But I thank God for the people he’s put in my life, the lesson’s they’ve taught me and that I had my realization 4 months and not 4 years after I was told I wasn’t getting my promotion. PS – still waiting on that promotion, but not staying still in the process.

    :-)Sorry for writing a whole article.

  13. you got my mind working hard, been thinking about this kind of thing FOREVER especially as it relates to changing the world/service/global warming, thanks for the brain food

  14. Preach it! Loved this article. Here’s a glimpse into my journey starting a neighborhood grocery in >

  15. WOW Tara! This post is on fire and embodies all my thoughts & feelings about business – big/small, corporate/indie new/old… What an intense manifesto for us to ride into 2012. Thanks for such encouraging words and painting such a vivid picture!

  16. Kathy Yutzy says:

    love the article, and I love your new photos! Shows you can have fun, even tho working hard; and this journey is supposed to be enjoyable. Learning is fun, and exciting!

  17. Good lord that was inspiring and igniting… and very insightful. Rock on Tara!

  18. I very much appreciate your thoughts, Tara! Good motivation. Have you heard of Slow Money? I think you might find it interesting relative to ideas about a new economy, local economies and the global community. Check it out:

  19. Tamisha says:

    Tara – I love the way you articulate your thoughts. This is so clear, so real, and so true. You never hold back and you always let us know “what it is.” My favorite part was about being more dependent on community than the system. PS – this sure would be fantastic book material!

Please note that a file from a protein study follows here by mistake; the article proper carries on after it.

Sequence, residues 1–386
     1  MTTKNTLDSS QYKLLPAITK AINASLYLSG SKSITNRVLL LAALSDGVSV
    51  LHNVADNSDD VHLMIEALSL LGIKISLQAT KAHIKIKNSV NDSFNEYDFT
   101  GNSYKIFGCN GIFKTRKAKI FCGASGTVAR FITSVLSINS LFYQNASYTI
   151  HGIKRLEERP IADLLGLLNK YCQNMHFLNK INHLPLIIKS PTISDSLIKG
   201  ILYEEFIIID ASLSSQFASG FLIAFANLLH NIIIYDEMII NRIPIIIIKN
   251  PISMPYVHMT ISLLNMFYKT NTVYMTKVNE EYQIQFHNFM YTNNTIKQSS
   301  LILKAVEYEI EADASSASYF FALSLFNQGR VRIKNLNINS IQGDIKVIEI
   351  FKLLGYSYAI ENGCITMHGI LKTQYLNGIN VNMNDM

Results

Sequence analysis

20. Holly says:

    Yes! Global IS the new local! You have such a great way with words.

  21. I love the new economy. I feel overwhelmed on how to make money from my dream and crafts.

  22. Alex Ramirez says:

    We are designed with the need for connection. For far too long we have allowed the “elite” to determine the value of our passion and creativity. We as human beings have far more in common than we have in differences. We all have the need for acceptance and value. Thank you Tara, for your boldness inspires many of us!

  23. Preach it Tara. Can I get an amen?

    xo & buckets of belief in you,


  24. Absolutely, count me in and let’s roar forever more.

  25. jami says:


    Love this post! I will be forwarding it on to my Local First! organization so that they may pass it along. :) If you are going to be at #WDS 2012, would love to meet up. All my best!

  26. Visma Mesley says:

    Love this! # As we reconnect with our creative power – as artists, makers, developers, writers, philosophers, designers… – we have discovered the need for critical selling. It connects our humanity with others. And it does so in the universal language of our times: money.

  27. Visma Mesley says:

    thanks, just purchased the ” Art of Earning Money”

  28. Laura says:

    Finally. Someone who understands the shift that is happening. This resonate with me on so many levels.